Barney Kessel / Music to Listen to Barney Kessel By – Our Mono Shootout Winner

 This Triple Triple (A+++) mono pressing blew everything else out of the water – nothing could touch it! How can you beat a Roy DuNann recording of five reeds, piano, guitar and a rhythm section that includes Shelly Manne and Red Mitchell? The timbre of the instruments is so spot-on it makes all the hard work and money you’ve put into your stereo more than pay off. 

The Demo Disc sound on this copy is really something to hear – all tube, live-to-two-track direct from the Contemporary studio. (Mixed to mono of course for this pressing.)

This Minty Original Yellow Label Contemporary Mono LP from 1956 has DEMO DISC QUALITY SOUND! No other copy we played was in a class with this bad boy — it does it ALL. For those of you who appreciate the sound that Roy DuNann (and Howard Holzer on other sessions) were able to achieve in the ’50s at Contemporary Records, this LP is a Must-Own (unless you already have it, which is doubtful considering how hard it is to find a copy in clean condition).

It’s got all the top qualities of the recording we discuss below, and the least amount of shortcomings. Really, nothing could touch it. It’s pretty much everything you want in a record like this. I’d love to keep it but when would I have time to play it? Instead I’ll sleep well knowing that it’s going to a good home.

Their stuff just doesn’t get any better than this. Tubey magic, richness, sweetness, dead-on timbres from top to bottom — this is a textbook example of Contemporary sound at its best.

From an audiophile point of view, how can you beat a Roy DuNann recording of five reeds, piano, guitar and a rhythm section that includes Shelly Manne and Red Mitchell? It’s audiophile heaven. The sound is gorgeous, all tube, live-to-two-track direct from the Contemporary studio.

Talk About Timbre

Man, when you play a Hot Stamper copy of an amazing recording such as this, the timbre of the instruments is so spot-on it makes all the hard work and money you’ve put into your stereo more than pay off. To paraphrase The Hollies, you get paid back with interest. If you hear anything funny in the mids and highs of this record, don’t blame the record. (This is the kind of record that shows up audiophile BS equipment for what it is: Audiophile BS. If you are checking for richness, Tubey Magic and freedom from artificiality, I can’t think of a better test disc. It has loads of the first two and none of the last.)

Common Sonic Problems

Some copies have a little too much Ampex 300 loose bass, always a potential shortcoming of the unit; sad because it’s so good in every other respect. Bloated, slow and ill-defined bass can be found on virtually every early Contemporary LP. We often prefer the later yellow label stereo pressings which usually have tighter, cleaner bass with less hang-over, although often at the expense of the Tubey Magic.

But there is no reissue of this album — no ’70s pressing by Contemporary and no Fantasy OJC. (Maybe the tape is damaged or lost?) The shootouts involve only the original stereo and mono pressings, no reissues, and since original pressings of this album are so hard to find, you can be sure it will be quite a while before we have enough copies to shoot out this title again.

The copies that kept the bass under control tended to have the best sound as a rule, with the least amount of tube smear and the most transparency, spaciousness and transient information. Like countless examples before it, when the sound is right the band really seems to swing with solid energy and enthusiasm. When the sound is murky the players sound dull and tired.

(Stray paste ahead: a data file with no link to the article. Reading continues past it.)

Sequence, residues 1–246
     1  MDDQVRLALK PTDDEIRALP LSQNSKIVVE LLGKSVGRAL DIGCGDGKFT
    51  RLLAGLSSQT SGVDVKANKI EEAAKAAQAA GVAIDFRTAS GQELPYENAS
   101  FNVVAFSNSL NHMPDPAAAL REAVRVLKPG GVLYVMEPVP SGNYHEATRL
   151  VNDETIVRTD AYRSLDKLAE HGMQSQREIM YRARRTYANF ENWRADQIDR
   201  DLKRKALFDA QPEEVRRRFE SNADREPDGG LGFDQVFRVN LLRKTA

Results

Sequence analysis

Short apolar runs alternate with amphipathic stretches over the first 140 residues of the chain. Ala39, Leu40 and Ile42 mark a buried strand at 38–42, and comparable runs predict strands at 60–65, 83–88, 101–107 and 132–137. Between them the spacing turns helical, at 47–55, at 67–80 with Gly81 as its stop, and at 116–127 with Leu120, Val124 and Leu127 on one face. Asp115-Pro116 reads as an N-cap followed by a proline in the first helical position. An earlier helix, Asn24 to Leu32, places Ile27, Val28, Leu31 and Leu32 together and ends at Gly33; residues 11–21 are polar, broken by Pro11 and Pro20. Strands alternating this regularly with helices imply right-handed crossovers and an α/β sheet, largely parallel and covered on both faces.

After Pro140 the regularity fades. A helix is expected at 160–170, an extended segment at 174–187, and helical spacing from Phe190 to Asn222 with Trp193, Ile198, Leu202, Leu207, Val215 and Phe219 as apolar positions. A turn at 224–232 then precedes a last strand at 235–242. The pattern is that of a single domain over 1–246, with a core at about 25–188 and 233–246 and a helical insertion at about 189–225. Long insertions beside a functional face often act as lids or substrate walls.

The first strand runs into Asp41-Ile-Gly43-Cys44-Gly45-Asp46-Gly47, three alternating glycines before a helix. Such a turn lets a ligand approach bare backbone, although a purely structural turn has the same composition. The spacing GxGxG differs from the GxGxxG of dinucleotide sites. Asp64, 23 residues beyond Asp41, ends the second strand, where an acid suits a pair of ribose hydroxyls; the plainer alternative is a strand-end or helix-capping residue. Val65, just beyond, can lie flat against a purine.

Warning: Stereo Editorial Follows

The same is true for audio equipment as I’m sure you’ve experienced first-hand. Some stereos can just bore you to tears with their dead-as-a-doornail sound and freedom from dynamic contrasts. Other stereos are overly-detailed and fatiguing; they wear out their welcome pretty quickly with their hyped-up extremes. As Goldilocks will gladly tell you, some stereos are just right; they have the uncanny ability to get out of the way of the music. Some equipment doesn’t call attention to itself, and that tends to be the kind of equipment we prefer around here at Better Records. After forty five years in this hobby I’ve had my share of both. 90+% of the stuff I hear around town makes me appreciate what I have at home. I’m sure you feel the same way.

Wonderful West Coast Jazz

Musically this is one of my favorite jazz records. Barney Kessel and his five reed players take these standards and make magic with them. For relaxing fun jazz it’s hard not to love this one.

Delightfully insightful liner notes from Andre Previn by the way. Did you know that Kessel won every major jazz poll for guitarist in 1956? What’s interesting about that is that this album allows all the other players plenty of time to share the spotlight. Barney is a member of a team here. The sophisticated arrangements find space for everyone’s contribution to be heard. At least one track has five woodwind players and you can easily pick them all out. Others have short duets for pairings such as bassoon and oboe. From an audiophile perspective, this one is hard to beat.


Side One

Cheerful Little Earful 
Makin’ Whoopee
My Reverie
Blues For A Playboy
Love Is For The Very Young

Side Two

Mountain Greenery
Indian Summer
Gone With The Wind
I Love You
Fascinating Rhythm

AMG Review

The arrangements range from the chamber music texture of “My Reverie” to the briskly swinging renditions of “Mountain Greenery” and “Fascinatin’ Rhythm.” Kessel plays wonderfully throughout, whether rendering rapid single-note lines or constructing the beautifully chorded introduction to the ballad “Laura.” There are also fine solo contributions by Buddy Collette on flute and the superb pianist Jimmy Rowles.

Stuart Broomer